Thrawn first appeared in the 1991 Timothy Zahn novel Heir to the Empire, the first installment of what became known as the Thrawn trilogy.[1] He is a Grand Admiral in the Imperial Navy,[2][3] and categorically "the most brilliant of the Emperor's minions".[4] A member of the alien Chiss species, Thrawn is described as a tall, solidly built humanoid with blue skin and glowing red eyes who wears the white uniform befitting his rank.[2][3] He has risen in power thanks to his "tactical brilliance and cunning", and has been described as "one of the most threatening antagonists" in the Star Wars universe.[5] He is an unparalleled military strategist and tactical genius who has made extensive study of military intelligence and other cultures, and the Thrawn trilogy finds him commanding the remnants of the Imperial Fleet in a series of stunning victories against the New Republic.[6] IGN described the character as "diabolical, brilliant and ruthless".[7] Zahn describes Thrawn's command style as considerably different from that of Darth Vader and other typical Imperial commanders; instead of punishing failure and dissent, Thrawn promotes creativity among his crew and accepts ideas from subordinates. Referencing Zahn's annotations in the 20th Anniversary Edition of Heir to the Empire, John Booth wrote in Wired that Zahn "created and developed Thrawn as a character [by] deliberately establishing the Grand Admiral as a villain who leads not by coercion and fear but through valuing strategy and loyalty".[8] Zahn explained in 2008 that Thrawn's version of the Empire is different than that of Palpatine because Thrawn does not have Palpatine's megalomania and xenophobia.[9] Calling Thrawn and Mara Jade his favorite of the characters he created, Zahn noted in 2006 that writing the Grand Admiral "provides the intellectual challenge of trying to come up with new, clever, and (hopefully) workable tactics and strategies".[10]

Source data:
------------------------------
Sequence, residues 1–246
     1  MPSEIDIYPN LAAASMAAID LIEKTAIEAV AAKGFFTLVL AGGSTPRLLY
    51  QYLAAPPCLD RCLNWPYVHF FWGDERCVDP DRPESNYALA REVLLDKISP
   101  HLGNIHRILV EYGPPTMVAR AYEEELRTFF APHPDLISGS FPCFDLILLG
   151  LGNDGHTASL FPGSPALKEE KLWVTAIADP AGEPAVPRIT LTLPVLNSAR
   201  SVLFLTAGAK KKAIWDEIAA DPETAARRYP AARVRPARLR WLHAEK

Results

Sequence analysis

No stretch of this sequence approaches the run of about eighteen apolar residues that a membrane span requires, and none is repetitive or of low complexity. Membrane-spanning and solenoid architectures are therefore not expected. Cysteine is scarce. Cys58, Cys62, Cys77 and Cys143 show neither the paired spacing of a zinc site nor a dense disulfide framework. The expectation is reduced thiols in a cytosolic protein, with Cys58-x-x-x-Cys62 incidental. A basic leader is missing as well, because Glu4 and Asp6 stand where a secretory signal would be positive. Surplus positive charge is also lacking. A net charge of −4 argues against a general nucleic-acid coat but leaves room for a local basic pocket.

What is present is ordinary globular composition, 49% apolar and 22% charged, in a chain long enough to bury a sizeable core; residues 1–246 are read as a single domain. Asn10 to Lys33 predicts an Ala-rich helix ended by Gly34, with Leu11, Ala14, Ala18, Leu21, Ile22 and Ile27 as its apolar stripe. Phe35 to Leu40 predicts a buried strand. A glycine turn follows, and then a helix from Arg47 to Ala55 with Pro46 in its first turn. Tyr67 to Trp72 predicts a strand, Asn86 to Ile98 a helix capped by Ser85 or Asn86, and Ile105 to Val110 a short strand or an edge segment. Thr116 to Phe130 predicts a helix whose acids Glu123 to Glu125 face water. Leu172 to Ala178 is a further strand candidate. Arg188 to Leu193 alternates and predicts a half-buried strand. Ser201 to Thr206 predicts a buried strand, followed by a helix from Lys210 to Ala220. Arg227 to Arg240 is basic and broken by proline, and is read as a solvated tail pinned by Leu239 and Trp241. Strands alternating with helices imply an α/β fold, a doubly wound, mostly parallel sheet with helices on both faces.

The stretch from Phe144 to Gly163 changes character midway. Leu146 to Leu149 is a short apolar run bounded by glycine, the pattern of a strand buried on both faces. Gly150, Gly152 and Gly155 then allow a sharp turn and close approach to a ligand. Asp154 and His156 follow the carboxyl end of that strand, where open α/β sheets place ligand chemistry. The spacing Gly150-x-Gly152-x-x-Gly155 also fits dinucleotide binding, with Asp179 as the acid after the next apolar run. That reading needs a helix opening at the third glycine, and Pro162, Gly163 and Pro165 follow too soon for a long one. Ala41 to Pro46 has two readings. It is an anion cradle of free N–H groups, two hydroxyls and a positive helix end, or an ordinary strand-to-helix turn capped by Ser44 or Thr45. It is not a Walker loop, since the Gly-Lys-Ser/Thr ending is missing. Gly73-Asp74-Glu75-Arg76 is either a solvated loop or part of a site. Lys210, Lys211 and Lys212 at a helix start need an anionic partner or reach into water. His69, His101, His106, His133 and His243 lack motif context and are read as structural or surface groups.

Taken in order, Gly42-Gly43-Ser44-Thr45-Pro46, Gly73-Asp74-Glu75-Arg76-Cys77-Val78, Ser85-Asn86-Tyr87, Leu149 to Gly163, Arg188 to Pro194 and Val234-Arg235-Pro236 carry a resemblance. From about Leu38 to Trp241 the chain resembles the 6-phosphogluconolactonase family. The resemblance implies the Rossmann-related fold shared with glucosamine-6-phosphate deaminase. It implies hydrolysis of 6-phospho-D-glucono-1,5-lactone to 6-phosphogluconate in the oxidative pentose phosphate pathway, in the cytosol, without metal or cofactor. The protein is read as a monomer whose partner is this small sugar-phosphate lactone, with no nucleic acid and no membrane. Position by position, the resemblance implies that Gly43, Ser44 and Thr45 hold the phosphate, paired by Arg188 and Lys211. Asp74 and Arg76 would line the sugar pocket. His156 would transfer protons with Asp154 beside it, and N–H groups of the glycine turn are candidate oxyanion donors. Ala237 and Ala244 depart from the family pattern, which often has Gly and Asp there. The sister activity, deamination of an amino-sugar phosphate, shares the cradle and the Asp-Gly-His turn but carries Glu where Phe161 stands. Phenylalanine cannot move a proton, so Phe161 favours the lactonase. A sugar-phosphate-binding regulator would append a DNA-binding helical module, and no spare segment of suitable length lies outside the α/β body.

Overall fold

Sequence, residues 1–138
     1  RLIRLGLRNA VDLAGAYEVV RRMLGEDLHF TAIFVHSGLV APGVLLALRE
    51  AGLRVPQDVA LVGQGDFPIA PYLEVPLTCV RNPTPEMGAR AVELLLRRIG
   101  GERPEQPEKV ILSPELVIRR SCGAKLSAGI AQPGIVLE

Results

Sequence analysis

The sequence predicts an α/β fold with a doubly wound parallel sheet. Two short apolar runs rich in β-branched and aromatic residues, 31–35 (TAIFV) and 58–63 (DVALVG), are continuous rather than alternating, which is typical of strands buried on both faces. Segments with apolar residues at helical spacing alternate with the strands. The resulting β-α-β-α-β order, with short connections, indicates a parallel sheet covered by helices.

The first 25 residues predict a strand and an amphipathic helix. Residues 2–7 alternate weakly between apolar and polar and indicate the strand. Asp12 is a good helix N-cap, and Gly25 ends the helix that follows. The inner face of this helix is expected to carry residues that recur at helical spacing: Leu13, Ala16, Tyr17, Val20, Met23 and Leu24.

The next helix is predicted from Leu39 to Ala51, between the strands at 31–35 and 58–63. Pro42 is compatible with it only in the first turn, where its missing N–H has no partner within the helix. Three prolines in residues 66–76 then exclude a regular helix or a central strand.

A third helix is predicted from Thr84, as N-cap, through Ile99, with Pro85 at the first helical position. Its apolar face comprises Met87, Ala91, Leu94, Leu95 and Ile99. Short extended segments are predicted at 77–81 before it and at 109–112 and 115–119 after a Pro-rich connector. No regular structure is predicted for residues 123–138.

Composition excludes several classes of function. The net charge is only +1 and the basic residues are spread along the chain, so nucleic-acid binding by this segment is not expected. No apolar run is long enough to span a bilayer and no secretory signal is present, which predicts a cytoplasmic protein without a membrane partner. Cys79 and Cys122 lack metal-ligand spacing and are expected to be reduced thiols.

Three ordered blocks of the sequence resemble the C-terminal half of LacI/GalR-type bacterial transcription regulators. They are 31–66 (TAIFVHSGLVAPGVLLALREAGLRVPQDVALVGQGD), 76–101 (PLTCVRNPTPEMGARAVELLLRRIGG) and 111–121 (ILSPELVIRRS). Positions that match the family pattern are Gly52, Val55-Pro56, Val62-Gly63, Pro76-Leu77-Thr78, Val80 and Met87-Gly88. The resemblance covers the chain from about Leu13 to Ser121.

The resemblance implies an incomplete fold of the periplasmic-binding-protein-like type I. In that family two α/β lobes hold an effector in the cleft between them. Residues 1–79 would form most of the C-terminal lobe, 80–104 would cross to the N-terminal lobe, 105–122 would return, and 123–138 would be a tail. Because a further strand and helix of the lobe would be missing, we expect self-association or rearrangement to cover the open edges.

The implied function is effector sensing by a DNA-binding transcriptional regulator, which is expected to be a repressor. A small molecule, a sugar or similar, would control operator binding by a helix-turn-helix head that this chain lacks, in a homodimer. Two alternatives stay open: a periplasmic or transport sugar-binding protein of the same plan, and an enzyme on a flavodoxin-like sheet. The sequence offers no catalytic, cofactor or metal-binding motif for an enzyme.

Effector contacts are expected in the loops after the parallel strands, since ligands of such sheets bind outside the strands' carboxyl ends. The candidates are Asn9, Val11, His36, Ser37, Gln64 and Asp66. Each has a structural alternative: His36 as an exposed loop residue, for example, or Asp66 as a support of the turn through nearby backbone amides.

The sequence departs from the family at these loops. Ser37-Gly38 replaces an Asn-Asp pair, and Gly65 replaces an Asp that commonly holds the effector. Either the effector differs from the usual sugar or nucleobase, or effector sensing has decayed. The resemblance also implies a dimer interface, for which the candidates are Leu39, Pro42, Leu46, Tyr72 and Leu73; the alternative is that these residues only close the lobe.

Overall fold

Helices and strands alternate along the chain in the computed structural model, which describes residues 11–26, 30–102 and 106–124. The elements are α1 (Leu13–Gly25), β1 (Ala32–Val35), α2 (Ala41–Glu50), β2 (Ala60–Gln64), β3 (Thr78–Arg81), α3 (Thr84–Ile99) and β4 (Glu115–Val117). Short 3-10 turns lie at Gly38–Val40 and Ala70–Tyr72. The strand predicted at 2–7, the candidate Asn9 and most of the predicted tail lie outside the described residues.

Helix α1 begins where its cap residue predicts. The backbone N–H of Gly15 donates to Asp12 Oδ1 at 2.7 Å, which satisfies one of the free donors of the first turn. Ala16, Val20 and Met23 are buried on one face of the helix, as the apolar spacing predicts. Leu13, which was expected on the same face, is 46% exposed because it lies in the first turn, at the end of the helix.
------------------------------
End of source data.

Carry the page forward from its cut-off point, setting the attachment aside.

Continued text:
Appearances[edit]

Expanded Universe works[edit]

Novelist Timothy Zahn created Thrawn in his 1991 Star Wars novel Heir to the Empire.